Thirteenth Sunday in Ordinary Time
1) 1 Kgs 19:16, 19-21
Psalm 16:1-2, 5, 7-11
2) Gal 5:1, 13-18
Gospel: Lk 9:51-62
Inheritances are typically handed down within families from one generation to the next. Yet from time to time, one hears of someone who receives an inheritance as a complete surprise, from a person they came to know recently or over time, and who was not related as family.
Like Cara Wood, a 17-year-old high school student living in a suburb in Ohio who was surprised to learn that a regular customer at a restaurant she worked at as a part-time waitress had left the bulk of his estate of half a million dollars to her. Cara had lost her father at a young age and Bill Cruxton had lost his wife to cancer after 40 years of marriage.
The 80-plus-year-old man was a frequent visitor to the diner, eating his daily meals there. Cara was kind to him, running errands if he needed help, and checking on him if he was late for a meal. Her many acts of kindness and friendship moved Bill to repay her with his inheritance!
In this Sunday’s responsorial from Psalm 16, we hear the psalmist praising God saying, “You are my inheritance, O Lord.” And this psalm prayer invites us to reflect on what it means to claim God as our inheritance.
At baptism we were cleansed of original sin and welcomed into the family of God. We received divine adoption as sons and daughters of God. We became a new creation in Jesus Christ as the grace of baptism gave us a new identity as brothers and sisters of the Lord.
From that moment on, being a child of God became our most basic identity. This spiritual identity is deeper and stronger than even the bonds of family and community.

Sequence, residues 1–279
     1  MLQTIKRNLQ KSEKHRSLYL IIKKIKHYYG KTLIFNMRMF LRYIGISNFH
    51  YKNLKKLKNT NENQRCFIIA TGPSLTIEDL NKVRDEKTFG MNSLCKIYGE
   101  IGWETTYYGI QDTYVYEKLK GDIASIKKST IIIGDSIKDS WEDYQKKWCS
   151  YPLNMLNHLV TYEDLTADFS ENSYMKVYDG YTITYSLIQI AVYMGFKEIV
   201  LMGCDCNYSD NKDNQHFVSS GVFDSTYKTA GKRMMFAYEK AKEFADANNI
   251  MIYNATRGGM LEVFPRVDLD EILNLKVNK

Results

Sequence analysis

At confirmation we were sealed with the gift of the Holy Spirit that we received first at baptism. In the power and love of the Holy Spirit we were sent on mission to witness to our Christian identity. In the same power and love of the Holy Spirit we claim our inheritance from God.
So, what do we inherit as members of God’s family? The psalmist tells us that among the many treasures we inherit from God are gifts of counsel, peace and safety of mind, body and soul. As the psalmist sings, “You will show me the path to life, fullness of joys in your presence, the delights at your right hand forever.”
The responsorial psalm echoes the message of the first reading and Gospel that reminds us of the primacy of our relationship with God, even as we treasure our family bonds. Jesus reminds the crowds, and us, that discipleship invites us to place all our relationships in family and community within the most fundamental relationship we have, our relationship to God our creator.
As we rely on the inspiration of the Holy Spirit, received anew at Pentecost, may we claim our inheritance as children of God as we pray in confidence, “speak to me, Lord.”
How do you live the meaning of your baptism each day?
Sullivan is a professor at The Catholic University of America.